Iraqi WMD capabilities.

9) Specific "certitude" - Stating as fact what are allegations, often dubious or subsequently 
disproved ones.

WMD labs in remote Kurdistan (disproven), mobile WMD labs (unproven, even though inspectors have 
been searching for years and some are skeptical of the practicality or existence of such labs) - 
these are just two of many dubious or false charges presented as fact by the Bush team. See 
Rangwala, my "Lying Us Into War," and the analyses of the Institute for Public Accuracy at for dozens of examples; here I'll address one.

Bush boldly declares that "From three Iraqi defectors we know that Iraq, in the late 1990s, had 
several mobile biological weapons labs. These are designed to produce germ warfare agents and can 
be moved from place to a place to evade inspectors. Saddam Hussein has not disclosed these 
facilities. He has given no evidence that he has destroyed them."

What we "know" is that defectors make this unproven claim. We don't know if they were paid or 
coached to make the claim, or volunteered it on their own. Rangwala ( notes that one defector made no mention of the 
labs in his first press conferences. It was several months later, after "debriefings" by the U.S. 
and the Iraqi National Congress, that he started talking about mobile labs. Hans Blix told the 
London Guardian ( he has seen no evidence that these 
mobile labs exist. Acting on tips from the U.S. about labs disguised as food-testing trucks, he 
investigated. "Two food-testing trucks have been inspected and nothing has been found," he said. 
Those mobile labs, a propaganga theme pushed hard by the administration because it supports the 
theme that inspections can never work: A former senior UNSCOM inspector told the Los Angeles Times 
last September that his inspection teams searched for the labs from 1993 to 1998. "I launched raid 
after raid," he said. "We intercepted their radio traffic. We ran roadblocks. We never found 
anything. It was just speculation." (

Blix, the cautious and honest expert, doesn't rule out the possiblity that mobile labs exist. But 
it is absurd for Bush to assert this as an established fact - and the media to allow him to get 
away with it.

10) Delegated lying/Team lying.

Using disinformation "affiliates," such as Richard Perle, Ken Adelman and former Clinton 
administration CIA director James Woolsey, to push damning, highly effective lies for which there 
is no credible evidence, such as the Saddam-9-11 connection ( 
This way, when the story loses steam and credibility, the president and his top advisers don't wind 
up with egg on their faces. The president will have gained considerable public support for an Iraq 
attack in the months the story percolates, and, quite perversely, his credibility will be enhanced 
in the "minds" of credulous commentators because he never PERSONALLY pushed this particular lie!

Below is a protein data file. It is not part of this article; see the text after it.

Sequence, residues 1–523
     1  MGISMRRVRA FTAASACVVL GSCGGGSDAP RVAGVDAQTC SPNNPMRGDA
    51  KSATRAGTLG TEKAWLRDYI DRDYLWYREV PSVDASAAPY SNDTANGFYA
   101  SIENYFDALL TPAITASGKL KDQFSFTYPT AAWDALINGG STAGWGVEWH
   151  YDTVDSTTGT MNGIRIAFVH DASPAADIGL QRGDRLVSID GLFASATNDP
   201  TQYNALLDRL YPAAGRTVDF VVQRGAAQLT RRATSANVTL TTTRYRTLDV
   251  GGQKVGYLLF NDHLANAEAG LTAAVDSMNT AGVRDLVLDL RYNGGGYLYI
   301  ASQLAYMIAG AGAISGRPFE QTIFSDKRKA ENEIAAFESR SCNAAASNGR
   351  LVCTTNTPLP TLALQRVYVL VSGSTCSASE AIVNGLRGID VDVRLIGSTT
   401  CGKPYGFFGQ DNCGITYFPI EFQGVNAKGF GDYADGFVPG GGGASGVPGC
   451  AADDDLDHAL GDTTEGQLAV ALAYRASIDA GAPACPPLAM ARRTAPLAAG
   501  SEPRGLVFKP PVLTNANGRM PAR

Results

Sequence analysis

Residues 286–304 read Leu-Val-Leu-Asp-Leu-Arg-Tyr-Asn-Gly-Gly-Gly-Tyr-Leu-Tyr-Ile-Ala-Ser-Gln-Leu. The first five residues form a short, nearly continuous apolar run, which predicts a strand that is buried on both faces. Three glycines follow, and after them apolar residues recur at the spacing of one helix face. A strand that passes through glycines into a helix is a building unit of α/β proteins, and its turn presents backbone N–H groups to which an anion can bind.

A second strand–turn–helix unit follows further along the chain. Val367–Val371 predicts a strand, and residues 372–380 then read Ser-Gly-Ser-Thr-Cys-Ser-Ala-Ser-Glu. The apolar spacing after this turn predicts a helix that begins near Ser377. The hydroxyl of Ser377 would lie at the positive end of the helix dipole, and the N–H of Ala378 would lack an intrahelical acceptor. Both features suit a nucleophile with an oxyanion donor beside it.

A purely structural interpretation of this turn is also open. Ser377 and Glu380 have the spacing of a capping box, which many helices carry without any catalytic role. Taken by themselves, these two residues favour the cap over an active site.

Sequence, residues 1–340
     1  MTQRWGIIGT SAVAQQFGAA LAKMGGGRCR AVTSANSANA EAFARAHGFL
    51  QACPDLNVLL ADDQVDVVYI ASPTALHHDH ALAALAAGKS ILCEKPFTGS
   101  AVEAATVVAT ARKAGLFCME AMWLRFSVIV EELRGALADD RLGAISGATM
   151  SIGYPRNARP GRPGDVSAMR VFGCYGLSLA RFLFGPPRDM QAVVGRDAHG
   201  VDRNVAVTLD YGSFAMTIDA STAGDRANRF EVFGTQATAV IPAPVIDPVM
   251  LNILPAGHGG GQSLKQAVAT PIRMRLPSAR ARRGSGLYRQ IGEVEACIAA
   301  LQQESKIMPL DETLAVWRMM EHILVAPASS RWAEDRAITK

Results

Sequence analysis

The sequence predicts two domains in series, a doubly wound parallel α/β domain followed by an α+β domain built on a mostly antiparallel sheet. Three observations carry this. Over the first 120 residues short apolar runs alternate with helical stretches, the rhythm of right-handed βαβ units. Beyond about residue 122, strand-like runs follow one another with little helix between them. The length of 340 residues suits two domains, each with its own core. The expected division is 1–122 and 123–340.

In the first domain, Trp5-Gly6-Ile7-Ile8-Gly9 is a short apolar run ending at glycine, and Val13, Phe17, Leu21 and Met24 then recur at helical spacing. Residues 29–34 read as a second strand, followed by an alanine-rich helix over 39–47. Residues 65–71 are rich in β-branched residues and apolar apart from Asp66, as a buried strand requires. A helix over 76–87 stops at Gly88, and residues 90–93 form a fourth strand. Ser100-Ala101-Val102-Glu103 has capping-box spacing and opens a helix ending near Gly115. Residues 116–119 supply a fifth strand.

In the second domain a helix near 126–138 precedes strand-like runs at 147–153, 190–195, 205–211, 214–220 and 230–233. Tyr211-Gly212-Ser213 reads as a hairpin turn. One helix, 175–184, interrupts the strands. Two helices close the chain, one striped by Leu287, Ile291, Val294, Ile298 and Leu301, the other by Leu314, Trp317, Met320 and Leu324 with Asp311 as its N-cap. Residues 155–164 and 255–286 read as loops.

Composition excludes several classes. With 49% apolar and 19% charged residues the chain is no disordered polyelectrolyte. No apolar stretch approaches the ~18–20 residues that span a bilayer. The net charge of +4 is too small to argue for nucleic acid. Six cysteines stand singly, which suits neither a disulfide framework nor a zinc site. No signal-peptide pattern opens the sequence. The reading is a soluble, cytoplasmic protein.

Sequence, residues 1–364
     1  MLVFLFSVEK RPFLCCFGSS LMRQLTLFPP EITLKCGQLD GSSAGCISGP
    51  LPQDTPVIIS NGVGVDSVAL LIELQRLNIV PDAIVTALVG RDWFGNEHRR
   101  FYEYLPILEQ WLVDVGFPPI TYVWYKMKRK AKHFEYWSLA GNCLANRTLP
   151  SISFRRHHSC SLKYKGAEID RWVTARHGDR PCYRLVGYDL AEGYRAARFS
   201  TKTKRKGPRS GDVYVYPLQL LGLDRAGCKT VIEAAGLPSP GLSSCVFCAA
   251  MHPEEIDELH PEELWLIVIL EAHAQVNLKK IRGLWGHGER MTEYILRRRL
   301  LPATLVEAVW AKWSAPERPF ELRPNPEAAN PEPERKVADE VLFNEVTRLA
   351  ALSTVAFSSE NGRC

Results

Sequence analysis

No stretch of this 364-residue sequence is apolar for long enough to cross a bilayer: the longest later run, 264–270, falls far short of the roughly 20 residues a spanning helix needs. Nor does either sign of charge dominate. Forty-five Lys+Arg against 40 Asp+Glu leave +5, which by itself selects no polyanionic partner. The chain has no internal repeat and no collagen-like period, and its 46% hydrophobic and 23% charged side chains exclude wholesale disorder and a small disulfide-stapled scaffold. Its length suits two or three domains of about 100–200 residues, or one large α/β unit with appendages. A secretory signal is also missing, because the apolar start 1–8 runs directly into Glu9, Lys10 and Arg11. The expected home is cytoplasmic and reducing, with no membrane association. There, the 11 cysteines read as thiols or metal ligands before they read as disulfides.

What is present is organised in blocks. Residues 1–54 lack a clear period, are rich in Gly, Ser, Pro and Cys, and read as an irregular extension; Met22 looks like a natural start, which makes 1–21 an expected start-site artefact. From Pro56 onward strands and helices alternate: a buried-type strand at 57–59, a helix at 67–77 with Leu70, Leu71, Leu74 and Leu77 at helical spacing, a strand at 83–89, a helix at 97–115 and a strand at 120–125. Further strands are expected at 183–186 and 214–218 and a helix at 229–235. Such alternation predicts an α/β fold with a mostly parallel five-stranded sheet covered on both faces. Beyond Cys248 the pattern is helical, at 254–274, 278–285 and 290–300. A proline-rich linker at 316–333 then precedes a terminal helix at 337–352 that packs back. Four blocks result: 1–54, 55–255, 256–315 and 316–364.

11) Passive lying (doing nothing to prevent what you know to be a vile slander from lodging in the 
brains of unsuspecting citizens as truth):

a) Chris Matthews, host of MSNBC's Hardball, made the following important point a few weeks back 
(click here for transcript:, addressing retired general 
William Perry Smith:

"According to the [January 2003] Knight Ridder poll . . ., the people that know the most about the 
situation in Iraq are least supportive of the war. The ones who are most ignorant, particularly 
those who believe that half the people who attacked us September 11 included Iraqi citizens, are 
for the war. So isn't 'more education' something that stops support for the war, General? I mean, 
the president is not winning on the facts. He's winning, according to the polls, on those who don't 
know the facts.. Well, don't you think the president ought to make the case, General, that the 
American people, tell the American people, 'You're wrong, half of you out there who think that 
there were Iraqis who attacked us September 11. They weren't Iraqis. I've got some other reason why 
I want to attack Iraq.' He's never said that. Should he? Or should he allow himself to benefit from 
people's ignorance?"

Straight-shooting Bush prefers to benefit from the people's "ignorance," though "ignorance" is not 
quite the correct word. People are misinformed because they've been deceived by the Prague 
Connection lie countenanced by Bush and spread by his henchmen.

b) Powell not saying squat about Bush's repeated declarations that the only purpose for those 
aluminum tubes Iraq has been trying to buy is to build centrifuges for uranium enrichment. Powell 
knew there were plenty of doubters in the Energy Department and his own State Department, but the 
"reluctant warrior" never corrected the president. He allowed Bush to build public and 
congressional support for war with an outright lie. (If you know there is a valid non-nuclear